By enabling transparency, every detail of the production and processing of agricultural goods will be recorded, which will then ensure compliance with food and sustainability standards. Data on the quality (freshness, safety,geographic indications), safety (health, risk management) and sustainability (organic, fair-trade) will be made available.  DLTs will aid businesses and governments’ central competent authorities to track and monitor non-compliance with international standards and improve their ability to control plant and animal diseases in order to maintain a disease- free status. In the case of an animal or plant disease outbreak, contaminated agri-food products or food fraud, DLTs will also enable businesses and regulators to trace and pinpoint contaminated or fraudulent products quickly. 

 

By removing friction and intermediaries through a simplified, peer-to-peer transaction network and smart contracts, efficiency gains arise in agricultural supply chains, agricultural finance and the agriculture sector as a whole. Through enhanced transparency and higher-quality transaction details, DLTs deliver improvements to food quality and consumer awareness. The vast amount of data from transactions strengthen market information and market transparency.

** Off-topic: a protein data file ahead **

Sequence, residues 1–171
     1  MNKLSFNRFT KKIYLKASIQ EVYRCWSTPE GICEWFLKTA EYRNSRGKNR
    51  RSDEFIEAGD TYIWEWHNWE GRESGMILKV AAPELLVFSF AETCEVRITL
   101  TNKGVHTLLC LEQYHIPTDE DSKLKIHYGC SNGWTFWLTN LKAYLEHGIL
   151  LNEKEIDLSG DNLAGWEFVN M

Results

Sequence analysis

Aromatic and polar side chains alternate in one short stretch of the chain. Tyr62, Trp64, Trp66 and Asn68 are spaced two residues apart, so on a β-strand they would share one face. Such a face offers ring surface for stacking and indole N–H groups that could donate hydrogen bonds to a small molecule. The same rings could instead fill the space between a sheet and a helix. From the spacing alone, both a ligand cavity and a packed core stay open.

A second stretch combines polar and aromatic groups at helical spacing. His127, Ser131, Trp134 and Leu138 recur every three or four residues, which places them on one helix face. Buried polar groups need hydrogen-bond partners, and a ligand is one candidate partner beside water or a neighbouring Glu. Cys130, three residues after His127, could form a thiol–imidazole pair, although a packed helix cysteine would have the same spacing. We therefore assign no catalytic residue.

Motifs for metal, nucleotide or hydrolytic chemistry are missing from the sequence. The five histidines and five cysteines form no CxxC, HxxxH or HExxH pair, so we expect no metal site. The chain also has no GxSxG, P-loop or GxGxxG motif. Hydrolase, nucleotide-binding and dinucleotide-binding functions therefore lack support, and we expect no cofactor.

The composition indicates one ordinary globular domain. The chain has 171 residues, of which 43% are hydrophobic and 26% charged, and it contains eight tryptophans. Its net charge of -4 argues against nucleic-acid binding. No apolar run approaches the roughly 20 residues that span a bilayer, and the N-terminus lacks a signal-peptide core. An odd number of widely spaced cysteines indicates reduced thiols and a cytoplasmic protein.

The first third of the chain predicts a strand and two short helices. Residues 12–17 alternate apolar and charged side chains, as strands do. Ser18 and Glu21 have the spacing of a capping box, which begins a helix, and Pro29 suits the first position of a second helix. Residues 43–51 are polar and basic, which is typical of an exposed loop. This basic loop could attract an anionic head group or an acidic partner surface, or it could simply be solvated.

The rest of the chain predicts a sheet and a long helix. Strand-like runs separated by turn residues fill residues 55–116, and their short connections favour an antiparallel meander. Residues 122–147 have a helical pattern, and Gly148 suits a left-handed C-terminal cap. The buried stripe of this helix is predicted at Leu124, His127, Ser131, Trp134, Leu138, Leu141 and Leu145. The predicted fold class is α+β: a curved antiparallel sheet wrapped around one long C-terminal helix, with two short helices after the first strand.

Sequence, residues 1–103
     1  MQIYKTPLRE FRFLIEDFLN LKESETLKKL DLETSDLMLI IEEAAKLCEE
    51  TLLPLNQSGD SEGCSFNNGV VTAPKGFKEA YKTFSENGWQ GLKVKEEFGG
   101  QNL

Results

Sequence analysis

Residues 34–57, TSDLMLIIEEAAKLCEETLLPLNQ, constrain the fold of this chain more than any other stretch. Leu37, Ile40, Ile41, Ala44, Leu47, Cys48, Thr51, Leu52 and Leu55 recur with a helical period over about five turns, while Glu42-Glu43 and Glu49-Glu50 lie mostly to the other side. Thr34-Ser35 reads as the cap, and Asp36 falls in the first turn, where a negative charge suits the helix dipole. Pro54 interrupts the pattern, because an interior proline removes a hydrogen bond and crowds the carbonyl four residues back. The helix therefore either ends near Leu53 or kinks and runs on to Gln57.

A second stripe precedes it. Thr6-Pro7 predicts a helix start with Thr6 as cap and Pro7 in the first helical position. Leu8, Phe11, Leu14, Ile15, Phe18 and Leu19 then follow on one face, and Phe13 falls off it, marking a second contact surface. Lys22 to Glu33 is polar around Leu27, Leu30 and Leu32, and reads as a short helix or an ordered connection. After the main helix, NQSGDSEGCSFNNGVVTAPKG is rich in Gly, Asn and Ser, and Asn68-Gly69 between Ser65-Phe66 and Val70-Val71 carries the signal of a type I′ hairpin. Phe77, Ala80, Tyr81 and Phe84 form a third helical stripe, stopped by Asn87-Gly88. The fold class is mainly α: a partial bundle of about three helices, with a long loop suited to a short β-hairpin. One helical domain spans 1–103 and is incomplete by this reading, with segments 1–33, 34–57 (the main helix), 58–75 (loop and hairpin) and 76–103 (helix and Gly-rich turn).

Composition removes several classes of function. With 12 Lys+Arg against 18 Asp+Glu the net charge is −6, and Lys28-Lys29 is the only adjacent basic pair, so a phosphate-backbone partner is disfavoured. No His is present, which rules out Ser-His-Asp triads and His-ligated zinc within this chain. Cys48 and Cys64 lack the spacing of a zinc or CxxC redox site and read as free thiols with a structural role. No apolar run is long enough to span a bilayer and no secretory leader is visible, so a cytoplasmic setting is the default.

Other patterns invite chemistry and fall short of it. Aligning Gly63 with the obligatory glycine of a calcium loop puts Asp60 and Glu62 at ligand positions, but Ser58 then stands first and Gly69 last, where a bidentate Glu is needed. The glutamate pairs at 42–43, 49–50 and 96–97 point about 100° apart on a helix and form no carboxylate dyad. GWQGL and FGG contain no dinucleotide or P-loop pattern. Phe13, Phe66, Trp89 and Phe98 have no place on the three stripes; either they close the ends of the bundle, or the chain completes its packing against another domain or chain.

Through the digital and physical assets registered on DLTs, agricultural supply chain actors have the ability to build a reputation and track record in the marketplace needed to increase access to financial services and new market opportunities, which is particularly beneficial for disadvantaged market players, like smallholders and  MSMEs.

 

History has shown that technological advancements that generate productivity gains prevail, despite the existing norm. DLTs will continue to acquire adoption, shaping the future of agriculture, as long as productivity gains are real.